Here's booking with you, kid

Baby whisperers on tap make for relaxed mothers, writes Belinda Jackson.

FIJI'S air is humid and temperatures a good 20 degrees higher than the home I left five hours ago and I'm ferreting through a daypack for passports, five-month-old Yasmine on the arm. I plonk her on a nearby desk for a hands-free moment.

"Madam!" barks an official-sounding woman. "You need Special Attention!"

She claps her hands and, like a summoned genie, a young man appears at my side, grabs our passports and runs past the queue of two planeloads of newly arrived Australian holidaymakers. Within minutes, we are bustled through customs, our luggage retrieved, the driver has collected us and we are bundled up in a cool van, turned towards the southern Coral Coast and our resort.

It is the ultimate queue-jump and a delicious taste of travelling in Fiji with a baby. The omens are good.

The acres of travel-with-baby articles I'd read in preparation for our first international trip spent much time on such topics as public vomiting, inflight nappy changes and the delights of dosing children with antihistamines to knock them out. They don't mention the Fijians' love of anyone under a metre high.

The Outrigger on the Lagoon takes that love one step further: it's a family magnet not only for its daycare programs and family-friendly set-up but for its band of meimeis, or nannies.

The meimei service started a few years ago with six nannies drawn from a nearby village and within two weeks, all were fully booked.

There are now 29 nannies on the books and ours, Litiana, is waiting for us. She immediately takes Yasmine and Yasmine immediately takes to Litiana's smile and shell necklace. We settle into our room with its views over the palm trees and out to the ocean, before I join the rest of my group for dinner while Litiana tucks Yasmine in.

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The resort is connected by thatch-covered walkways and the next morning, as we wander down for breakfast, the hotel staff call out their greetings. "Good morning, Yasmine!""Hello Yasmine!" and of course, the quintessential Fijian greeting, "Bula, Yasmine!"

We've been here 14 hours and most of those have been spent in the room. She must have snuck out to the bar to make all these new friends. The rock-star baby and I enjoy breakfast and I fulfil my vow to devour my bodyweight in papaya, before checking out the resort.

There are all the usual accoutrements - rows of deckchairs around a large pool, activity centre and kids' club. Next door is the meimei centre and the whiteboard is a busy list of children's names - Ava, Zac, Sophia, Yasmine - paired with their nannies, Litiana, Monica and friends. A T-shirt hangs on a wall, for sale. It reads, "My other mummy is a Fijian meimei nanny."

This lunchtime, a two-year-old is curled up on a beanbag napping peacefully. Yasmine enjoys lunch in the quiet room before sprawling out asleep in a travel cot to the soft swish of an overhead fan. Litiana and I kiss her and wish for sweet dreams and I creep out, spa-bound.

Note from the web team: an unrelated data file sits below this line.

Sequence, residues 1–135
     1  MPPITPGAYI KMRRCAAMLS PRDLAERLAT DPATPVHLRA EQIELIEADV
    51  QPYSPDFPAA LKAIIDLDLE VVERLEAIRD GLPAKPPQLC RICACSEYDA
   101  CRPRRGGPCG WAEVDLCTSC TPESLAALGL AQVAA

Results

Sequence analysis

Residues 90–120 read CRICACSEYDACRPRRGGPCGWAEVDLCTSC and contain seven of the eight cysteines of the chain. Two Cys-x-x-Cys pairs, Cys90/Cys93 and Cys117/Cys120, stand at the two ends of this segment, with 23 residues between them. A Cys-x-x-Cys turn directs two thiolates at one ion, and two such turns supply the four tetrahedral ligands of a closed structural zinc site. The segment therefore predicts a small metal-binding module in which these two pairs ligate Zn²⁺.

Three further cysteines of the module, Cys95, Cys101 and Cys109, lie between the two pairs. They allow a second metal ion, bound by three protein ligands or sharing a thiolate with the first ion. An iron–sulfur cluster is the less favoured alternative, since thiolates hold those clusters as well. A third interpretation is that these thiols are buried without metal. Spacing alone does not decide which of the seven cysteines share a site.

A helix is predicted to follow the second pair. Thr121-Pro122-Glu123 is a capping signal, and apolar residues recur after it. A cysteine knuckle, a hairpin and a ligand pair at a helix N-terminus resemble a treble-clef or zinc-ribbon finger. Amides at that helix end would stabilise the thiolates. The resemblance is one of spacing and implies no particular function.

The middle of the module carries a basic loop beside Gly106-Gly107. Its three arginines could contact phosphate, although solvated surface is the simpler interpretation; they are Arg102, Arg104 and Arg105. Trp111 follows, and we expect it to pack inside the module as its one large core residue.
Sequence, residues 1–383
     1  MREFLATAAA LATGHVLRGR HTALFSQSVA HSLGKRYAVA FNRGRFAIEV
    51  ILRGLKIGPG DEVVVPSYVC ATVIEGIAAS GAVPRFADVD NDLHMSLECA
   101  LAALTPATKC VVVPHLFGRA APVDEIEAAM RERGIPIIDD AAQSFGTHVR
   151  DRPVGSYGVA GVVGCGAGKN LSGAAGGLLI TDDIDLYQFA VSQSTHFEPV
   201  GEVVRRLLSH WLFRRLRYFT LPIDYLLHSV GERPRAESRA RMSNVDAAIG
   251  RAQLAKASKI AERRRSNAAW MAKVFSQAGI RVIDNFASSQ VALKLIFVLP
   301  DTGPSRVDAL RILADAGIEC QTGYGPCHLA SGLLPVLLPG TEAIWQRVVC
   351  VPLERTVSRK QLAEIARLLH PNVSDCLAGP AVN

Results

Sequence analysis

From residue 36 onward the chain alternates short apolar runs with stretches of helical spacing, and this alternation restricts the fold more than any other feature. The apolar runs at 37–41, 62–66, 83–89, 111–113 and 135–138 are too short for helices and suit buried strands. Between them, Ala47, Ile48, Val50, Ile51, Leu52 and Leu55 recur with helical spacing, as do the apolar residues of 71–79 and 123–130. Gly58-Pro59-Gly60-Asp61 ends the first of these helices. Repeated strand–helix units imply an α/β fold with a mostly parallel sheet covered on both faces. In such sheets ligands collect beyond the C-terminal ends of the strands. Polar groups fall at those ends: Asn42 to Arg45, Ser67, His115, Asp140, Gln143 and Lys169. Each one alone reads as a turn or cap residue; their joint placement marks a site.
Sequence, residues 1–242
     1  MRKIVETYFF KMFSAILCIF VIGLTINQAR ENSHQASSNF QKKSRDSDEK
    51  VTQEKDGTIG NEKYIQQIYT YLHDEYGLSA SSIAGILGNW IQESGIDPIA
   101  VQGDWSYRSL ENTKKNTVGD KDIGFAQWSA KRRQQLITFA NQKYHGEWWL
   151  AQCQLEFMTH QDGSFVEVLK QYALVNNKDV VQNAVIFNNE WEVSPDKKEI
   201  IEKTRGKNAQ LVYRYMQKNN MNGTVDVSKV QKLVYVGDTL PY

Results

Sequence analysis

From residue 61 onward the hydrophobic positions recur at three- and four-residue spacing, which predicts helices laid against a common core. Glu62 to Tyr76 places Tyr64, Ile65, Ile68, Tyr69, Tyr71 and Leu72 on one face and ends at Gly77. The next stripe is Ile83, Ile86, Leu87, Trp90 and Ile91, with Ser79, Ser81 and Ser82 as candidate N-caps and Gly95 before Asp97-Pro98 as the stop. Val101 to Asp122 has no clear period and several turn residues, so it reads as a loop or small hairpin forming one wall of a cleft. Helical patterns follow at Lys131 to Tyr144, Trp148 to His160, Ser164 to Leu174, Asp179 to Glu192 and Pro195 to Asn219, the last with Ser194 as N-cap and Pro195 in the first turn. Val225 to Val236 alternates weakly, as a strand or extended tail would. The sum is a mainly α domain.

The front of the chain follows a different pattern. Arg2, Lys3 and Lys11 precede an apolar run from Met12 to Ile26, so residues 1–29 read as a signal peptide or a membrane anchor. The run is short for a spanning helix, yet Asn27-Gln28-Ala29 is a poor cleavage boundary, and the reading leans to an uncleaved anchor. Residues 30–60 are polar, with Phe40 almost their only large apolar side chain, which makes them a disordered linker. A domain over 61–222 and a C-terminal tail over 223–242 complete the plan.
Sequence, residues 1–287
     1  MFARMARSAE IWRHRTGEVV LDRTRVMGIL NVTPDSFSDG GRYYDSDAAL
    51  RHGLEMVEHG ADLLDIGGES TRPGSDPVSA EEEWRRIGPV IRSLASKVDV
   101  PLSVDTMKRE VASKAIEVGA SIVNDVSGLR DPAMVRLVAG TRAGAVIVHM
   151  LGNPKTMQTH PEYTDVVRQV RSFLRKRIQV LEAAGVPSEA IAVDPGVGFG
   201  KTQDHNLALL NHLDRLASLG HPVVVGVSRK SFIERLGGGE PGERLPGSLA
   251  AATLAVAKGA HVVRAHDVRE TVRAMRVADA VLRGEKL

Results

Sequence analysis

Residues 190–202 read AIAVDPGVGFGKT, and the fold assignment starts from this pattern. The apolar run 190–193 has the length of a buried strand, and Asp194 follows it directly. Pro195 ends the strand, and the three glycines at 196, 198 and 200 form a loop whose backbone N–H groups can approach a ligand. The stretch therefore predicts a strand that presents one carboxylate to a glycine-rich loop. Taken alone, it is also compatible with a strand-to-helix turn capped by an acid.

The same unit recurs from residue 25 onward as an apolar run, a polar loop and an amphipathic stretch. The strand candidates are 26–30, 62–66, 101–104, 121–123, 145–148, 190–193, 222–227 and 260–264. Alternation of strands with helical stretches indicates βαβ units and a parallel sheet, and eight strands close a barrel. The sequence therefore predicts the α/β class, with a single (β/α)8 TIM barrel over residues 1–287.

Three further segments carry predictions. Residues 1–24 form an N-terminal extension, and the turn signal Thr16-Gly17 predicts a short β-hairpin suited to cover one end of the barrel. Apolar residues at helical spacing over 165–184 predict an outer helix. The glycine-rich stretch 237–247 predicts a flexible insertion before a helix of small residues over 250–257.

"We didn't realise the knock-on effect the meimei service would have on the resort," the general manager, Peter Hopgood, says.

"The spa is booming and Ivi, our fine-dining restaurant, has seen bookings treble."

Outrigger's hilltop spa overlooks Fiji's southern coastline and vivid green land. The windows are open and the air is scented with the salt of the Pacific Ocean as a therapist rolls warm seashells over my oiled skin.

While I'm occupied, Yasmine is having a life of her own, cruising the resort in her pram, meeting the other nannies and being stopped by staff who coo and wiggle her toes.

Each day, I receive a little diary titled You'll Never Guess What I Did Today detailing Yasmine's activities ("Went with mum for a little swim", "woke up and went on the floor to do some work").

Litiana is a true baby whisperer. Literally. She's lost her voice, so I have to wait a couple of days to bombard her with questions: worst baby, best baby, my baby ... She tells of her home village, her large family, the babies who won't sleep and those who they've reformed. When it's time to leave, the staff gather to sing us goodbye.

"Isa you are my only treasure, Must you leave me, so lonely and forsaken? As the roses will miss the sun at dawn, Every moment my heart for you is yearning." In comparison with this serenity, Nadi Airport is its usual chaotic mess of humans and luggage, and once again, I'm rooting around in a bag for customs forms.

The young female customs officer calmly takes Yasmine from me and holds her comfortably while I find the right forms, then hands the baby back as though it's the most natural thing in the world. Which it is.

Later, on the plane, my baby spread across my lap sleeping,

I open the little brown-paper parcel from Litiana. Inside is a pretty little cotton dress in a pink hibiscus print. It smells of sunshine, flowers and the beach. It smells of Fiji.

The writer was a guest of Outrigger on the Lagoon Fiji and Virgin Australia.

Trip notes

Getting there

Virgin Australia flies Sydney to Nadi 10 times a week from $279, one way. 13 67 89, virginaustralia.com.au.

Staying there

Outrigger on the Lagoon costs $1655 for seven nights for two adults and two children, kids eat free up to 12 years of age. Outrigger's meimei service costs $8.50 first hour and $6.40 every subsequent hour. The four-day package costs $151 for eight hours a day. outriggerfiji.com.

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